The report, prepared by the charter school office of the state Department of Public Instruction, said while black and white children attend charter schools and traditional public schools in similar proportions overall, individual charter schools are more racially segmented.

That could be because more charter schools are being organized in poor neighborhoods that serve heavily minority populations, a detail left out of the draft report, Forest said.

...Charter schools also consistently serve fewer low-income students, the report said, but they are exceeding targets for student and overall classroom performance set by the state school board.

State Board of Education Chairman Bill Cobey said he expects lawmakers will accept a delay until the report is revised..."

"The sausage factory: Watch ‘negative’ N.C. charter report get revised

People who care about the politics of public education in North Carolina will get a rare glimpse of the inner workings as state officials revise a charter school report that was characterized Wednesday as too negative.

As Lynn Bonner of the (Raleigh) News & Observer reported, Lt. Gov. Dan Forest, who serves on the state Board of Education, asked the board to delay voting on a 30-page staff report because that report “did not have a lot of positive things to say”...

The board agreed, even though the report was done at the demand of state lawmakers, who set a Jan. 15 deadline.

But if the goal was to remove the draft report from public scrutiny and media commentary ... well, there’s the fact that it was a public document presented at an open meeting in Raleigh. Bonner used it as the basis for reporting that charter schools have more white students, few Hispanics and fewer low-income students than district schools.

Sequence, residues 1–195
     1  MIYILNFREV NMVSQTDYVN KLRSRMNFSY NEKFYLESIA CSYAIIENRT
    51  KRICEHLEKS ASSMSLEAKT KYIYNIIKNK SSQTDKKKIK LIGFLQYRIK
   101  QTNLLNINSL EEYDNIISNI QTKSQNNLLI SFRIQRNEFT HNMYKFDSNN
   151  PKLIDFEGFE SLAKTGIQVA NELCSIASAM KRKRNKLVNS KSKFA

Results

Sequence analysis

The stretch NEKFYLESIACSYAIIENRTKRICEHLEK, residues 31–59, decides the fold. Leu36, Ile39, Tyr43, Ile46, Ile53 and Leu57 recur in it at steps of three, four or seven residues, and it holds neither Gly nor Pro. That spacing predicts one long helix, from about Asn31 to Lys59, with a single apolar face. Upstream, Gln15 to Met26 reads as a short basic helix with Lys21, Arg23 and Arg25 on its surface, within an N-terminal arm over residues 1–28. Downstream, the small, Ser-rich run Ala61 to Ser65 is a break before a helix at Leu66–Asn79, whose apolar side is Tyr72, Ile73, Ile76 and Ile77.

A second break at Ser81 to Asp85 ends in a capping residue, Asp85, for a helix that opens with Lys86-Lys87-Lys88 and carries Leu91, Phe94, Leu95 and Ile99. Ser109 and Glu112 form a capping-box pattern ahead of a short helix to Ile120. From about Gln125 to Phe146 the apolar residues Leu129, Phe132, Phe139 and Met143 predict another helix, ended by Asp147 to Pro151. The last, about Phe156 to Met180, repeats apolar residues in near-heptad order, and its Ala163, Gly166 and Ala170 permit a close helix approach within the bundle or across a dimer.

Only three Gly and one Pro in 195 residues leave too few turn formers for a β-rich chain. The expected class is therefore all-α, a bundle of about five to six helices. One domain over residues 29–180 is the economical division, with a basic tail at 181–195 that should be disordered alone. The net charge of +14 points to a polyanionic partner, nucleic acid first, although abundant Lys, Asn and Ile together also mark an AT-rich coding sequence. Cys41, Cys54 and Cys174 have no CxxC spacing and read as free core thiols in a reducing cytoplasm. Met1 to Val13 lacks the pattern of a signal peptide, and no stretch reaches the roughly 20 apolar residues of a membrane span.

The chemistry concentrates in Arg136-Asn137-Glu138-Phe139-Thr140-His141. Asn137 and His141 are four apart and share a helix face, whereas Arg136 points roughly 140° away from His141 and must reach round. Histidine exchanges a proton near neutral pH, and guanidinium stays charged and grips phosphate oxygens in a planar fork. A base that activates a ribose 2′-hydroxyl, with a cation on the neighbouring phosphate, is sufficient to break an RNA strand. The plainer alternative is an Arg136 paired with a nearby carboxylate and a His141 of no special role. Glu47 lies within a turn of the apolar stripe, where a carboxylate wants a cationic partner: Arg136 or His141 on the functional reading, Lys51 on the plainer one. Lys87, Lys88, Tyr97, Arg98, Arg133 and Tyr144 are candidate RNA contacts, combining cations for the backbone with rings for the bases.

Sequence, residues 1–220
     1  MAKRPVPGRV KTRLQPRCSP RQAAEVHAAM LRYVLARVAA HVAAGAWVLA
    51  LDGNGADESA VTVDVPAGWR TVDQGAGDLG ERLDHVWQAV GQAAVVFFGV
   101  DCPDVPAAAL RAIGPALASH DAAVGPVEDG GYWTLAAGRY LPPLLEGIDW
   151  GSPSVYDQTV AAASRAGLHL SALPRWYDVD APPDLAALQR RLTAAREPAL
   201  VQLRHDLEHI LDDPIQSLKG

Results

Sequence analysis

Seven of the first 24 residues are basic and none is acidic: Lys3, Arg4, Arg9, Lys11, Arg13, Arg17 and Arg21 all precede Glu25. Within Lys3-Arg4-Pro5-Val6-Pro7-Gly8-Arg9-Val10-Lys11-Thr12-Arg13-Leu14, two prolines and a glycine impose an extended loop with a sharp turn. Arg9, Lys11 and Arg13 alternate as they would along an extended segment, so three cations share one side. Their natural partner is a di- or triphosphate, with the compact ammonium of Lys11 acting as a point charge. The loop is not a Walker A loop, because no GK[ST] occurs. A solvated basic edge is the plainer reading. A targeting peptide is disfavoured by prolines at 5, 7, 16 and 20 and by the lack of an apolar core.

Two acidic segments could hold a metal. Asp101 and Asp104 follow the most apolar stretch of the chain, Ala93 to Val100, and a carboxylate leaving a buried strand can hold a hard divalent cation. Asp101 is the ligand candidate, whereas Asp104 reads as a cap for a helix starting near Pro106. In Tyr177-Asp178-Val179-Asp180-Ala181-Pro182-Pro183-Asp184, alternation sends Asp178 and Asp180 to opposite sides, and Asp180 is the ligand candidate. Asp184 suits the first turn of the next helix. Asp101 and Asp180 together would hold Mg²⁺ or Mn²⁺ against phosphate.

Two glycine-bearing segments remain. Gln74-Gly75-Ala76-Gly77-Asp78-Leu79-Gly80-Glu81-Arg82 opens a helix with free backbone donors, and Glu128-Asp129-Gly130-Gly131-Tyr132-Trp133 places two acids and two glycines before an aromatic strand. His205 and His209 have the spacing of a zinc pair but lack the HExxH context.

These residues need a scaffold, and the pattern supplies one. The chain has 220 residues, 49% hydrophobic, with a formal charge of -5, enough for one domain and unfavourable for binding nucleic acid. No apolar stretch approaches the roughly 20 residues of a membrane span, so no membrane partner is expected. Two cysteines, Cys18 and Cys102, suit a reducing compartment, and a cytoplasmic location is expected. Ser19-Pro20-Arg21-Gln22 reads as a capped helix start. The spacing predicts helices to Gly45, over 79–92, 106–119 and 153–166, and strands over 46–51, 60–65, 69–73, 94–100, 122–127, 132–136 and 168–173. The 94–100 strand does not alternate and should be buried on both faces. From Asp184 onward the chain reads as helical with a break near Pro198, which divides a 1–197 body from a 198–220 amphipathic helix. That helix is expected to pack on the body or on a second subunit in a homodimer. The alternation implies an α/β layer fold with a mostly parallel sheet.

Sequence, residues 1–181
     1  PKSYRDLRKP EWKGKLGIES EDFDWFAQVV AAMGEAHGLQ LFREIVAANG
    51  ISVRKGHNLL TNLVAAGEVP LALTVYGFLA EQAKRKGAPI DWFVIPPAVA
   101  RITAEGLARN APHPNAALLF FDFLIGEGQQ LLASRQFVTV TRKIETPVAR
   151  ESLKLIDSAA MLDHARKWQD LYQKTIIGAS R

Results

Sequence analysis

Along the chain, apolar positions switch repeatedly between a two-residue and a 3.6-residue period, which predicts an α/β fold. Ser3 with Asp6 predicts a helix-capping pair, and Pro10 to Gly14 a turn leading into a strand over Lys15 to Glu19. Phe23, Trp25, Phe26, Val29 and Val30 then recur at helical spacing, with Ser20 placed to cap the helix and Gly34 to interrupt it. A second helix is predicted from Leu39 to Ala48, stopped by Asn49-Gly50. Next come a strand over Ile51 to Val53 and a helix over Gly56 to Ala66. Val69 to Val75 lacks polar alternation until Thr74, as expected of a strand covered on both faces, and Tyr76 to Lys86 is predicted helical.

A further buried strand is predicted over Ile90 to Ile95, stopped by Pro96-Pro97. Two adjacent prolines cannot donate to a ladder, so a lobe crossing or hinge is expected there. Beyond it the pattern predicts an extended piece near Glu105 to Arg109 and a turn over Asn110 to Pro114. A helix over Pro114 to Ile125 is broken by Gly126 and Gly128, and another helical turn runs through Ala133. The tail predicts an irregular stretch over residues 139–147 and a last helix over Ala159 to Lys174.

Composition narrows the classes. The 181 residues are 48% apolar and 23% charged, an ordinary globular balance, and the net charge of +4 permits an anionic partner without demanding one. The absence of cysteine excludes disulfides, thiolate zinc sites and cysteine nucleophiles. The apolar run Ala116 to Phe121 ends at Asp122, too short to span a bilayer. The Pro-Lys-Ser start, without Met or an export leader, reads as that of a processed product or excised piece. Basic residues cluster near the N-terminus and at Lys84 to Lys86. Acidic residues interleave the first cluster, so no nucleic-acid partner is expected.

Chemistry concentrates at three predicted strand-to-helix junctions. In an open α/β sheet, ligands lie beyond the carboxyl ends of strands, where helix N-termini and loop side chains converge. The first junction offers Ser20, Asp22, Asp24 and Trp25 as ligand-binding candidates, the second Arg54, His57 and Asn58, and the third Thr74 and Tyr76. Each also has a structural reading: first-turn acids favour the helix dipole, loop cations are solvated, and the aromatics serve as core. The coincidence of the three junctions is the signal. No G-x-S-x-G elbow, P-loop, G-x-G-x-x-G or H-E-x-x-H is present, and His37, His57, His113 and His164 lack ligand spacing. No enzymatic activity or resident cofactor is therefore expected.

I was among the reporters present. The brief discussion struck me as an unusually blunt demand to make data more politically palatable. And because the draft remains online, we’ll all get to see how it changes.


The report deals with demographics, students with disabilities, test scores, academic growth, charter school openings and closings, and the financial impact on school districts...

And the report highlights why all of this matters: Statewide enrollment in charter schools has grown from 41,200 in 2011, before the state lifted a 100-school cap, to 81,951 in 158 schools this year.

State funding has grown from $200 million in 2010-11 to $366 million in 2014-15, according to the report. The Department of Public Instruction tells me the current budget is for $394 million.

Forest didn’t cite any specific problems. He simply offered to “run cover” if legislators question the blown deadline. Board of Education Chairman Bill Cobey agreed to the delay.

The making of public policy has been compared to the making of sausage – something you’d rather not see. But for those of us who can’t resist, it’s going to be fascinating to see what gets removed, what gets added and what gets recast to give state lawmakers a report that satisfies Forest and the board."